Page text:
1) I detected a bit of an inconsistency with the following from Republican political strategist Ed Rollins in this CNN editorial…
…Michaele and Tareq Salahi want to be famous as stars of reality television. I am all for that. Give them a reality television series and call it “Trial and Jailtime” in the D.C. criminal justice system. This despicable, desperate, duplicitous couple disgraced the Secret Service and embarrassed the president in his home.
If someone wants to bring charges against these two and investigate how they came face-to-face with the President of the United States the other night at the state dinner for the Indian prime minister and his wife, then I would tend to think that that’s a good idea.
However, it would have been nice if we had heard such outrage from Rollins and his pals when James Guckert (under the alias “Jeff Gannon”) accessed the White House and was admitted to the White House press briefing room on day press passes for almost two years, even though the following was true:
• (Gannon had) no media experience other than a two-day training course at The Leadership Institute’s Broadcast School of Journalism.
• (Gannon) was denied media credentials April 7, 2004, by the “Standing Committee of Correspondents, the press body that oversees the distribution of credentials on Capitol Hill.”
• (Gannon) was not working for a recognized media outlet.
• (Gannon) had access to the White House press briefing room before Talon News (a “psuedo-news” organization tied to a right-wing web site; it was the alleged news site Gannon worked for) was operational.
So to sum up, Rollins thinks that the two gate crashers at the state dinner recently held at the White House should be prosecuted, but neither he nor anyone else in his party thinks Jeff Gannon should pay any price whatsoever, considering that he “somehow bypassed both Secret Service and FBI screening to access the White House press room.”
And Rollins wrote this for CNN.
We’ll have to “leave it there.”
2) I felt like I was taking a bit of a trip back in time when I read through this “Politico” rehash of Republican talking points, called “7 ‘Stories’ Obama Doesn’t Want Told” (including the following – I’ll explain in a minute)…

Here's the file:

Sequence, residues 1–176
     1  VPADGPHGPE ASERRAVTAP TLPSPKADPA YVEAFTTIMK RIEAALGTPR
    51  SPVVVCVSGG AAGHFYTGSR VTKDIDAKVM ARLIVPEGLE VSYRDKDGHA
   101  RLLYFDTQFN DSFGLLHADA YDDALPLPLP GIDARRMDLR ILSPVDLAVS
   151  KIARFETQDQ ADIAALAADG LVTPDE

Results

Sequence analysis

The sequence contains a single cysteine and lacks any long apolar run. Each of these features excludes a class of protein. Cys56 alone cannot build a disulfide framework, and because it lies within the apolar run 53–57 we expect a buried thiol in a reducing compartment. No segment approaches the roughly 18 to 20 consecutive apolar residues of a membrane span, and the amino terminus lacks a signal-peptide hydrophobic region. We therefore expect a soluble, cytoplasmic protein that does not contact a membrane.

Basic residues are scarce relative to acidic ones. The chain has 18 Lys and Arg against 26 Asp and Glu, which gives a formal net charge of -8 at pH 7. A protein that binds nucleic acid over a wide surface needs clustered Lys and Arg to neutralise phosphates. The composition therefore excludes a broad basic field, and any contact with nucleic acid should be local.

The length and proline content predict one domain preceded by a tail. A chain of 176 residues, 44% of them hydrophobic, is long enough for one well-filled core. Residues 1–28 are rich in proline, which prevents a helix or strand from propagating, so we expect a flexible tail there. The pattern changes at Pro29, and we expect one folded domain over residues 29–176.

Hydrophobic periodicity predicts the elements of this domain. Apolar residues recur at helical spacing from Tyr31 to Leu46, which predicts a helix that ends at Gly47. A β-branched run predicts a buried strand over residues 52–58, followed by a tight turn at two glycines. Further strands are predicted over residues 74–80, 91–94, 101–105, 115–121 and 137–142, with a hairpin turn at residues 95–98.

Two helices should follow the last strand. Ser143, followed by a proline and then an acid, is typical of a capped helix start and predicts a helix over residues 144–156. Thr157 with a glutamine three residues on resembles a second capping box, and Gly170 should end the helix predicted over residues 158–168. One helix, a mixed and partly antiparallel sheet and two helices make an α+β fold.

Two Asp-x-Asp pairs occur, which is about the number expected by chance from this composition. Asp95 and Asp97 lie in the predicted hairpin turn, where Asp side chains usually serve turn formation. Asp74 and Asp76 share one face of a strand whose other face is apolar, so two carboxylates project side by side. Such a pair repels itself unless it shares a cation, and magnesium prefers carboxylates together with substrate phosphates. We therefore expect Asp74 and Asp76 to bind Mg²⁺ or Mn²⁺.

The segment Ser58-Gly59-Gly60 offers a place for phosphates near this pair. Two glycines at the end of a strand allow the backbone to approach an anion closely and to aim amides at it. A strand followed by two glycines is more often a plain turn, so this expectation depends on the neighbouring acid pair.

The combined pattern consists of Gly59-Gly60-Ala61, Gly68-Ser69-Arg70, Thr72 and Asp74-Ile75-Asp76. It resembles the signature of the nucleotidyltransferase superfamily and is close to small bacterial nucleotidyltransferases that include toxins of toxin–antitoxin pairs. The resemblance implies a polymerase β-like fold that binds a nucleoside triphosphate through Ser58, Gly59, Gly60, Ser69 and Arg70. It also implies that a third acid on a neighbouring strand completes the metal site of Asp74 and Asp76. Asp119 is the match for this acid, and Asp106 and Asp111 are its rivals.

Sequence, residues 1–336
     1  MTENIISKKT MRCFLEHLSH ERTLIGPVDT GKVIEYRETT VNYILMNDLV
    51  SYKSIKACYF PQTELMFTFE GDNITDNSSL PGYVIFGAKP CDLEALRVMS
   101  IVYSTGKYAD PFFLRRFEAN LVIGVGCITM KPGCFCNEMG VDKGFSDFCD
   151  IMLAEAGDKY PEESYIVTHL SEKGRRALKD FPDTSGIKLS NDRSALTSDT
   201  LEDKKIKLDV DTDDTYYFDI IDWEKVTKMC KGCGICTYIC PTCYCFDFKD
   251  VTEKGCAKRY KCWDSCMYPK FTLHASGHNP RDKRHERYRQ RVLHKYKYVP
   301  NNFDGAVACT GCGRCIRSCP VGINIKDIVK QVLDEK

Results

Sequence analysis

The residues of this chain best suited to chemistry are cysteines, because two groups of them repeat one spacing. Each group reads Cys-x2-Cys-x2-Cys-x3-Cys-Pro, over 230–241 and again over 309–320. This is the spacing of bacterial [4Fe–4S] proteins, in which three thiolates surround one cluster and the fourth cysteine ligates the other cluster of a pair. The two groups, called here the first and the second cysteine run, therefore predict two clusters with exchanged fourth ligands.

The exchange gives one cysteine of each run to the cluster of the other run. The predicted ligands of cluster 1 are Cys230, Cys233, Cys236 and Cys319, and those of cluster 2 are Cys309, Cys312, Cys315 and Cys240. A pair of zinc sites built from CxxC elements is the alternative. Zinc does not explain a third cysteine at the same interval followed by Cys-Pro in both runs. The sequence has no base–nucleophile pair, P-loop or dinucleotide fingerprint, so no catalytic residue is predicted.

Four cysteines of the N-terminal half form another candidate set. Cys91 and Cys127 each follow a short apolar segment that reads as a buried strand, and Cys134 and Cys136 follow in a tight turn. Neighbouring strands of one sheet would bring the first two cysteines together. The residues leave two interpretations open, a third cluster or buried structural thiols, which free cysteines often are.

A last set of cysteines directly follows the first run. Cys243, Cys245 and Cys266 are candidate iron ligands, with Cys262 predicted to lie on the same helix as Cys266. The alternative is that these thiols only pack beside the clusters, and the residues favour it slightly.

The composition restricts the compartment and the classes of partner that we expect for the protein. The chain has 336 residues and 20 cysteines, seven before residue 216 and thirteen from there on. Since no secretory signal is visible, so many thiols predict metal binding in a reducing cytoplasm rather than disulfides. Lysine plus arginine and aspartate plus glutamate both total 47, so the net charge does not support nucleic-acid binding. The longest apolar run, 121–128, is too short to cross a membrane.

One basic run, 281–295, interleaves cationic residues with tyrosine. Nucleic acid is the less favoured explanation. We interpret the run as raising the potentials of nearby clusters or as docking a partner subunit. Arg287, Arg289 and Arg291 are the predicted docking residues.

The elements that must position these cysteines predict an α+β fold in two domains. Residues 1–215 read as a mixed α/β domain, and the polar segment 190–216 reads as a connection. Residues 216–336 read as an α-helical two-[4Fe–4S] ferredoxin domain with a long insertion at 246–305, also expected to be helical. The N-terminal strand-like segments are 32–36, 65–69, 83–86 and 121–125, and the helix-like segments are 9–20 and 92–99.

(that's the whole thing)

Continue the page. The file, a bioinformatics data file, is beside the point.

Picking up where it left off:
People used to make fun of Bill Clinton’s misty-eyed, raspy-voiced claims that, “I feel your pain.”
The reality, however, is that Clinton’s dozen years as governor before becoming president really did leave him with a vivid sense of the concrete human dimensions of policy. He did not view programs as abstractions — he viewed them in terms of actual people he knew by name.
Obama, a legislator and law professor, is fluent in describing the nuances of problems. But his intellectuality has contributed to a growing critique that decisions are detached from rock-bottom principles.
Both Maureen Dowd in The New York Times and Joel Achenbach of The Washington Post have likened him to Star Trek’s Mr. Spock.
The Spock imagery has been especially strong during the extended review Obama has undertaken of Afghanistan policy. He’ll announce the results on Tuesday. The speech’s success will be judged not only on the logic of the presentation but on whether Obama communicates in a more visceral way what progress looks like and why it is worth achieving. No soldier wants to take a bullet in the name of nuance.
(Oh, by the way, this is “story” number two of seven – insert your snark here.)
So basically, what we have here is a “reboot,” if you will, of the Al Gore “Ozone Man” narrative of the 2000 election (as the punditocracy told us, Gore was intellectual, not a “common man” like George W. Bush, couldn’t decide whether or not he was an “alpha male” and was therefore a liar, etc. – I know I’m leaving some other contrived mythology on Gore, but you get the idea).
And it’s appropriate actually that Harris would mention MoDo here since, perhaps more than anyone else (here), she piled onto the former veep during the campaign over Gore’s “obsessions about global warming and the information highway”; she also compared Gore to the “wackadoo wing of the Democratic Party” for his criticism of the Iraq war; and has repeatedly furthered numerous falsehoods about Gore, such as that Gore once claimed to have “invented the Internet” (guess there was no way to avoid that one) and that author Naomi Wolf advised Gore on his wardrobe.